Mum told to pay £50 to upgrade her plane seats if she wanted to sit next to two-year-old daughter
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A woman claims she was told to pay over £50 to upgrade if she wanted to sit with her toddler on a flight.
Travelling with kids, especially very young kids, can be a nightmare, so parents need to be close at all times to make sure things go as smoothly as possible.
And when Sara Kloek and her husband booked their American Airlines flight from Washington, D.C., to Minnesota last week, that's exactly what they intended to do.
However, when Kloek went to check in the day before the journey, she was amazed to see that she and her two-year-old daughter had been placed in aisle seats.
Kloek's husband had also been placed in a completely random seat as well, some seven rows away from her and their young daughter.
But it wasn't just the aisle that was the problem, with Kloek needing a car seat for her child, they ideally needed to be by the window, according to AA's policy, so as not to block access for other passengers.
Knowing this was simply not going to work, she got in touch with the airline to see what they could do.
And she was stunned when she was told by a representative that she had two options, to cough up another $61 (£48) to sit next to one another or work it out at the gate.
This was despite AA's commitment to seat families together.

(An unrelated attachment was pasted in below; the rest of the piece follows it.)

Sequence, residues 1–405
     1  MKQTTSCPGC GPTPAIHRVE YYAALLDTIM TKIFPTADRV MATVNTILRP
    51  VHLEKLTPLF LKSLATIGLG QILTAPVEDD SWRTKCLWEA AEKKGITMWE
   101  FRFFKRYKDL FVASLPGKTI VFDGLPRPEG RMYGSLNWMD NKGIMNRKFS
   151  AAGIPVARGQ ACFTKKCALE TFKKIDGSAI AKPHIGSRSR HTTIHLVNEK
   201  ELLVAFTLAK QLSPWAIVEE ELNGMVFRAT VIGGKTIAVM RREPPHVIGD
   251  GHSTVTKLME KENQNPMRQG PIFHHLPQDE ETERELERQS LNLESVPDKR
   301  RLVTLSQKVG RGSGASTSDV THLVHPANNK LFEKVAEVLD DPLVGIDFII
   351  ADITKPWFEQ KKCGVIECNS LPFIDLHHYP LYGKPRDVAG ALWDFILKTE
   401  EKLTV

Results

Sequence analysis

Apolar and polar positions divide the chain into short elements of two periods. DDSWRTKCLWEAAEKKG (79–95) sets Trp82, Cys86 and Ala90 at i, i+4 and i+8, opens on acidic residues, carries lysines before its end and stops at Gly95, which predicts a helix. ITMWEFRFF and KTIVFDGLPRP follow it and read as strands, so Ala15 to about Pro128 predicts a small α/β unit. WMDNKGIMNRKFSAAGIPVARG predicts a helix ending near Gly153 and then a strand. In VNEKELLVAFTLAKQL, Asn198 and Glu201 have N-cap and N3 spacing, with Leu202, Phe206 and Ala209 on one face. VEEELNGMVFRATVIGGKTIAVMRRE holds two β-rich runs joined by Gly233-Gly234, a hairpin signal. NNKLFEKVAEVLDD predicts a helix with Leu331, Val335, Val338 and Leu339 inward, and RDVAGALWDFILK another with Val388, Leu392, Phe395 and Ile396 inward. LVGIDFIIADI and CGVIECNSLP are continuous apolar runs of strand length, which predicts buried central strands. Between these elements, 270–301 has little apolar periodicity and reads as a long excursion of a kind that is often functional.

"I didn't think it was fair to put that on the flight attendants, and I didn't think I needed to pay the $61 because of these commitments," Kloek told Insider.
"We were fine sitting wherever, as long as I could be with my 2-year-old."
So what could she do?
The upset mother then took the issue to social media, contacting AA's Twitter account to see if there was anything that could be done to resolve the situation.
And eventually, a rep for the airline managed to make sure Kloek was able to sit next to her little girl for free.
Looking back at the whole ordeal, Kloek said it appeared as though it was 'a problem that technology could solve'.
A spokesperson for American Airlines representative told Insider there were automated systems in place to help with issues like this.
But, the company said, it also welcomed customers to get in touch directly should they have problems with their seating arrangement.
Tyla has contacted American Airlines for further comment.